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Given a set of integers and a target value, this program constructs all
possible expressions using the given integers, the operators '+', '-', '*', and
'/' together with parentheses to find those which evaluate to the target
Background & Techniques
This puzzle from our page-a-day "Brain Game" calendar prompted today's
puzzle. I was sure that the key to solving it was to find the add,
subtract, multiply, and divide operations which would covert the corner numbers
to the one in the center. Finding the expression is a matter
of trial and error, at least for me. And, since there are 6 ways to
arrange the 3 terms and 16 ways to choose the two operators separating them, and
two ways to parenthesize the expression, it may might takes as many as 191
"trial and errors" before finding the right one. I find it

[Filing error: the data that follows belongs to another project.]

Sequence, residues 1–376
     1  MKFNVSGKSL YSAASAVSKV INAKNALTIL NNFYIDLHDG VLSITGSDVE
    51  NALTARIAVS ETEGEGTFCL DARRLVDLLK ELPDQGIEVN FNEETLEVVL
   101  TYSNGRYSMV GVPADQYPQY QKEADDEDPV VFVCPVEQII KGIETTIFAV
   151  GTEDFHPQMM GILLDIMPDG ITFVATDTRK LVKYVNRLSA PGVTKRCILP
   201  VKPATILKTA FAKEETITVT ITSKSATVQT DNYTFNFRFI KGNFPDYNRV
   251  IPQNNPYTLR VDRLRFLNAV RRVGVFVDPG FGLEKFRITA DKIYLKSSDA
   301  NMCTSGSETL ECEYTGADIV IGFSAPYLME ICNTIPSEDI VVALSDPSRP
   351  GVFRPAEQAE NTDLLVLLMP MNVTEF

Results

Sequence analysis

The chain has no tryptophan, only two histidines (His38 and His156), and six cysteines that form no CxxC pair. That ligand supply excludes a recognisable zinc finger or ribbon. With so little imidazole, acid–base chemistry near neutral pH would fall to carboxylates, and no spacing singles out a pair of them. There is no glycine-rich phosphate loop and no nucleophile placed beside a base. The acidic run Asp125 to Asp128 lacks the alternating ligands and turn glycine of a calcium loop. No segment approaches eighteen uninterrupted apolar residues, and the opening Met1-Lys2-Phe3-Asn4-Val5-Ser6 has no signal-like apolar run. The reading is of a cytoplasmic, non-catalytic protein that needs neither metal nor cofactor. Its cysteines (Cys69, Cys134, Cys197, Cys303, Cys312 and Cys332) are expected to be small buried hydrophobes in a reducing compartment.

much more enjoyable to teach my computer how to search and let it check all 192
expressions in a few microseconds.
If I'm lucky, there will be many more of these in the coming months and I can
brag about all time I saved. If you don't program and get tired of pencil
and paper searching, you can use the program to find the answer to this or
similar puzzles quickly.
Programmers can read on to see how our Library units provide the tools to
parenthesize the expressions, permute the given values (without repeats),
permute the 4 operations (with repeats allowed), and evaluate the
expression strings we build.
Non-programmers are welcome to read on, but may want to jump to bottom of
this page to download the executable program now.
So the strategy for solving this problem is generate all possible expressions
using the provided integers, the selected operators (up to 4 of these), and
parentheses to control the order of evaluating the intermediate values.
Almost all of the tools we need are included in the DFF library although a
couple of minor changes were made which we'll discuss below. The tools
|UGetParens.pas: Contains procedure GetParens which takes